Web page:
• Decrease the general metabolic rate in the tissues and slow down various physiological processes
  • Generally reduce tissue breakdown and reduce swelling
  • Then, with re-warming, the increased blood flow speeds circulation and improves the healing process.

The Scientific Research is Contradictory

A study published in the International Journal of Sports Medicine in 2008 found contrast water therapy (hot and cold baths) and cold water immersion baths helped athletes the recover from short maximal burst of exercise. This applied to short events such as stage races where competitors are required to repeat various high-intensity work loads on successive days. The researchers compared four different recovery methods:

  • Immersion in 38 degree C (100 degree F) water for about 15 minutes;
  • Immersion in a 15 degree C (59 degree F) pool for about 15 minutes;
  • About 15 minutes of complete rest.
  • Alternating between hot and cool water every minute for about 15 minutes;

The study found enhanced performance in the time trial and sprint events after both contrast water therapy and cool water immersion. However performance declined with both complete rest and hot water bath treatments.

In 2007, research published in the Journal of Strength and Conditioning Research looked at how water therapy affected the development of delayed onset muscle soreness following intense sessions of leg press exercise. They found that the strength and power declined less reduction and recovered faster using contrast water therapy than for passive recovery.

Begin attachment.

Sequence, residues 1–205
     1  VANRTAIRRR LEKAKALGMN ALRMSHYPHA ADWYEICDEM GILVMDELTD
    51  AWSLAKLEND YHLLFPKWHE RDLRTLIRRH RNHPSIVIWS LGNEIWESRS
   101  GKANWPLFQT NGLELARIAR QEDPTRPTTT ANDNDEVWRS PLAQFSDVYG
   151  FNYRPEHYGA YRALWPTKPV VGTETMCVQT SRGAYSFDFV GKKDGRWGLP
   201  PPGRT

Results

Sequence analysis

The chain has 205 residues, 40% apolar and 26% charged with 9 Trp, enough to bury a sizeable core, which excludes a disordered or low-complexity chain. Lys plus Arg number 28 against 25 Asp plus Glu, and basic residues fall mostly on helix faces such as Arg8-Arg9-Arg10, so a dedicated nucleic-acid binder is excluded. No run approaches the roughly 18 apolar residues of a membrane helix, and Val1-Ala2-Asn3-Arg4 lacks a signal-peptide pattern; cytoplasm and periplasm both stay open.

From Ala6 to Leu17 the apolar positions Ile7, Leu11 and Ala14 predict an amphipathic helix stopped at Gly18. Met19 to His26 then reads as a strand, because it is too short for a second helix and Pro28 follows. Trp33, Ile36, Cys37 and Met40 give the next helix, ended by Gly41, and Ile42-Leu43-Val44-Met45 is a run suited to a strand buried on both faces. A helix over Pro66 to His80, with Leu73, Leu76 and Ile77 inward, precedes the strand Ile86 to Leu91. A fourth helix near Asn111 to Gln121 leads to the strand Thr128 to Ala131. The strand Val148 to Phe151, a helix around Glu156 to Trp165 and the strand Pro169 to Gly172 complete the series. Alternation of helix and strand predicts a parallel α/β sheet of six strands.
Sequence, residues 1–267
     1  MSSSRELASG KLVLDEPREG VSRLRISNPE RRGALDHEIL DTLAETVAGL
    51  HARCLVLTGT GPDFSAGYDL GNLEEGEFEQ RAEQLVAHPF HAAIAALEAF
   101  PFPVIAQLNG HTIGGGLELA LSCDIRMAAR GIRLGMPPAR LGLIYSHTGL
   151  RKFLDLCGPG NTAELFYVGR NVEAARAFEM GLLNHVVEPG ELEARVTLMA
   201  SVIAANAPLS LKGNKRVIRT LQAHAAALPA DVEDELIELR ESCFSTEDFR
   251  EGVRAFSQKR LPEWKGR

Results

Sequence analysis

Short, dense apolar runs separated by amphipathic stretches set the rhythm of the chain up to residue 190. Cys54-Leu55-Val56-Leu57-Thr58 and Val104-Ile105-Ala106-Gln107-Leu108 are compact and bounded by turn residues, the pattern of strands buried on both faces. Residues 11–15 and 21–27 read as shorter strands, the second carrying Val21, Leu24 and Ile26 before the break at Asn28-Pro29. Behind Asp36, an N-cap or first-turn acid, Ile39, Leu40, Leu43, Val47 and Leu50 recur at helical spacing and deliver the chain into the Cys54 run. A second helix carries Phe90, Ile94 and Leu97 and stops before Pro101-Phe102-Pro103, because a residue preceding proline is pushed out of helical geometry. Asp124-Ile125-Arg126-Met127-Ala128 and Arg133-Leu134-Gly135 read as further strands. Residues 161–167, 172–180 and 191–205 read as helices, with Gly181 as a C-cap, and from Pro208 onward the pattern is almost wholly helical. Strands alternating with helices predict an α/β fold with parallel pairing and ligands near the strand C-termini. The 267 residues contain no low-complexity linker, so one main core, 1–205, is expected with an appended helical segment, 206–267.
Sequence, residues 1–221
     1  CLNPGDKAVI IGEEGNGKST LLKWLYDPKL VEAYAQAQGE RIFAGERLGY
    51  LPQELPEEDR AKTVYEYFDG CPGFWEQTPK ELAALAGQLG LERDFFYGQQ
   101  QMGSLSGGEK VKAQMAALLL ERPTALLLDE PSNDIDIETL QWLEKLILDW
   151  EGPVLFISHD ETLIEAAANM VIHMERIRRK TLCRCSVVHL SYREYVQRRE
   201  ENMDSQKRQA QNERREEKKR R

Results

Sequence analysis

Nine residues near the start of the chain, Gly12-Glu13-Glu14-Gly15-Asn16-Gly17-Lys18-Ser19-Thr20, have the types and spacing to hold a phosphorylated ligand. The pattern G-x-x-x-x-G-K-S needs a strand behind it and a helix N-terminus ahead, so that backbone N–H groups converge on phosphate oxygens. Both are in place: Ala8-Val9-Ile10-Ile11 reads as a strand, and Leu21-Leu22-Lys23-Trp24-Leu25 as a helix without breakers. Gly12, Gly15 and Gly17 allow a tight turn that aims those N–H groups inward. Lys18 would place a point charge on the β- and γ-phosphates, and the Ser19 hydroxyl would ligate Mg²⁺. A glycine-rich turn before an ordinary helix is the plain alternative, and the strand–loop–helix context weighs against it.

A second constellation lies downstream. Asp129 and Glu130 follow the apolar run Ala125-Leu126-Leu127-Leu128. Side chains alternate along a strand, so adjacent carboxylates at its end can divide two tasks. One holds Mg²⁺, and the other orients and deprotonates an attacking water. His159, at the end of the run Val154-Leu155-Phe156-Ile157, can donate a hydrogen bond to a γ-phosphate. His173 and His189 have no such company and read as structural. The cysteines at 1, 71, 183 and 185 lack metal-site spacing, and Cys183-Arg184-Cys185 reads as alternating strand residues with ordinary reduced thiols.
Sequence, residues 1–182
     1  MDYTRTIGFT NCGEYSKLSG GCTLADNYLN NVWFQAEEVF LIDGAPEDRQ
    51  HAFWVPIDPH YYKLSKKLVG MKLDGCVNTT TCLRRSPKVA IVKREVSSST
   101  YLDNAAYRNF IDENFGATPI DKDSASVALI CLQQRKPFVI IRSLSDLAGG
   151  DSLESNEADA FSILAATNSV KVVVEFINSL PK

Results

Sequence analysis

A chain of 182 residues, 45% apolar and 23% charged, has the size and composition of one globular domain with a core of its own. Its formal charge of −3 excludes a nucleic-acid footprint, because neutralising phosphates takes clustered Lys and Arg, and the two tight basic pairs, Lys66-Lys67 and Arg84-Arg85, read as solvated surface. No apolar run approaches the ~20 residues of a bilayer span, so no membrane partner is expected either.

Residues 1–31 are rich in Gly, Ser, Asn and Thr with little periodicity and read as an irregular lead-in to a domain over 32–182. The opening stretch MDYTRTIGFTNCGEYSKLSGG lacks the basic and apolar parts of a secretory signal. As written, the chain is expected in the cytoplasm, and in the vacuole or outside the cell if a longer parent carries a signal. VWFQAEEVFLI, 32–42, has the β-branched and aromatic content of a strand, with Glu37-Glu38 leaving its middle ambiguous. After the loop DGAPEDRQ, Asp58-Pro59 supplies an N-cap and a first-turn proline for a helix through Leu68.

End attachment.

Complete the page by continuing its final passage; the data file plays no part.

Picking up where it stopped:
By way of contrast, a research project published in the British Journal of Sports Medicine in the 2007 found no real benefit from that ice-water immersion after heavy weight training. This study compared soreness levels after 1-min immersions in either a tepid bath (24 degrees Celsius) or an ice bath (5 degrees Celsius) following an intense workout.

They found that athletes who had ice immersion baths showed no benefits in terms of physical pain such as tenderness or swelling. However the athletes reported more leg pain the following day, when standing up than those who used tepid water bath treatment. The researchers concluded that Ice-water bath immersion seems to provide offers no benefit for controlling swelling, pain, isometric strength and general performance and may make some athletes sorer the next day.


Whether sports science research can prove the benefits of the ice bath theory or not, many athletes are convinced that ice baths helps them prevent injury, recover faster and they simply feel better. Clearly more research is needed before definitive statements can be made, however the results so far indicates the following:

  • Cold water immersion after hard exercise helps recovery as it is practiced by most professional sports teams who obviously regard it as beneficial.
  • Contract water therapy - Alternating warm water and cold water baths may also help athletes recover.
  • Very cold ice baths may not be necessary and increase the risk of stress and shock. Cool water baths at about 24 degrees C (75 degrees F). may work just as well as ice baths with less side effects and risks.
  • Passive recovery is not effective for speedy recovery and can be painful.
  • Active recovery methods may be just as good as cold water bath immersion methods for recovery from exercise.
  • Hot baths after hard exercise may be soothing and could reduce recovery times.

© janderson99-HubPages

© 2012 Dr. John Anderson